On Nov. 9, 2006, Cassini's composite infrared spectrometer captured its first view of the infrared heat radiation emanating from the "tiger stripe" fractures at the south pole of Saturn's moon Enceladus (right) since the discovery of the hot spot 16 months earlier (left).
The original discovery was made just before a close flyby of Enceladus on July 14, 2005, and coincided with the discovery of plumes of water-rich gas and ice particles jetting out of the tiger stripes. However, the spacecraft's orbit did not provide any good views of the south pole for follow-up observations until November 2006. The new observations were made from a range of 110,000 kilometers (68,350 miles), slightly more distant than the 80,000-kilometer range (49,700 miles) of the original observations.
Comparison of the two images shows that the south polar region continues to be active, and the distribution of temperatures there has changed little in 16 months. The distribution of heat radiation suggests that most or all of the south polar heat comes from the tiger stripes themselves, though the individual stripes are not resolved at the approximate 30-kilometer (19-mile) spatial resolution of these images.
The images show the intensity of heat radiation in the 10- to 16-micron wavelength range, translated into temperature and displayed in false color. Peak south polar temperature on both dates reached about 85 Kelvin (minus 306 degrees Fahrenheit), averaged over the 30-kilometer (19-mile) spatial resolution of the data. However, the variation in brightness with wavelength, which is also measured by the composite infrared spectrometer, reveals that the warm region includes small areas, possibly zones a few 100 meters (320 feet) wide along the length of the tiger stripes, that are at higher temperatures, reaching at least 130 Kelvin (minus 225 degrees Fahrenheit) and perhaps much warmer still. While the south polar tiger stripes are almost certainly heated by energy from the moon's interior, daytime regions at low latitudes are warmed by sunlight to temperatures in the high 70s Kelvin (about minus 320 degrees Fahrenheit).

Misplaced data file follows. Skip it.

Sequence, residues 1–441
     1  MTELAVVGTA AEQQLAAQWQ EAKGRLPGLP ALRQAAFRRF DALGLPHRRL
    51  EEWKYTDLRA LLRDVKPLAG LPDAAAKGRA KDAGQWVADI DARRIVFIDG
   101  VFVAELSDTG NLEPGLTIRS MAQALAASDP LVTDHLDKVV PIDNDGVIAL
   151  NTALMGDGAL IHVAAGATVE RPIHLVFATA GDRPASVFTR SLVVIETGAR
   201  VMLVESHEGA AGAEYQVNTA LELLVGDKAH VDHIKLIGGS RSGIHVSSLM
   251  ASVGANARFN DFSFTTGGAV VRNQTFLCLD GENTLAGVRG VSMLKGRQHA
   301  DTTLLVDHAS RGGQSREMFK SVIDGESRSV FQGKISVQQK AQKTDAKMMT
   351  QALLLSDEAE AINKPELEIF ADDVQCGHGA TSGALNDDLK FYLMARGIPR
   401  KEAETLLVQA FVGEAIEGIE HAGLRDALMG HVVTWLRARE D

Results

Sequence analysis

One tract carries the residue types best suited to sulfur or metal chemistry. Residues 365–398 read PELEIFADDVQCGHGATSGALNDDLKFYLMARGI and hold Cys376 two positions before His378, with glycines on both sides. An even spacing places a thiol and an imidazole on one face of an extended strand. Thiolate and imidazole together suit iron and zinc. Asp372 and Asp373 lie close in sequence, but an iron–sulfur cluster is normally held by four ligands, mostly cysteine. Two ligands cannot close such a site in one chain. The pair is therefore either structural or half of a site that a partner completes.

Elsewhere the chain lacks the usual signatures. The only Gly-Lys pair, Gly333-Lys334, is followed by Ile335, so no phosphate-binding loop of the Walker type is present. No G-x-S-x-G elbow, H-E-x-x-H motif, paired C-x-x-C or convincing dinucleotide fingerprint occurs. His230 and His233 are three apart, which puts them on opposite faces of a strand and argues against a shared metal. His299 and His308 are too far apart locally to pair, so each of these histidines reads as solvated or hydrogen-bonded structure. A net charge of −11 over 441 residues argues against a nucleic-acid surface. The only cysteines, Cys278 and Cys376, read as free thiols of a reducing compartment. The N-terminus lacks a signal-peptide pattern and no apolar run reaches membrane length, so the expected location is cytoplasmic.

The white numbers on the images show west longitudes on Enceladus, which is 500 kilometers (310 miles) in diameter. The dashed line shows the terminator, the boundary between day and night. The blotchy appearance of the cooler regions away from the south pole, and of the sky beyond the globe of Enceladus, is an artifact resulting from the fact that apart from the polar hot spot, the composite infrared spectrometer can barely detect the very faint heat radiation from this very cold moon.
The Cassini-Huygens mission is a cooperative project of NASA, the European Space Agency and the Italian Space Agency. The Jet Propulsion Laboratory, a division of the California Institute of Technology in Pasadena, manages the Cassini-Huygens mission for NASA\'s Science Mission Directorate, Washington, D.C. The imaging team consists of scientists from the US, England, France, and Germany. The composite infrared spectrometer team is based at NASA's Goddard Space Flight Center, Greenbelt, Md. The imaging operations center and team lead (Dr. C. Porco) are based at the Space Science Institute in Boulder, Colo.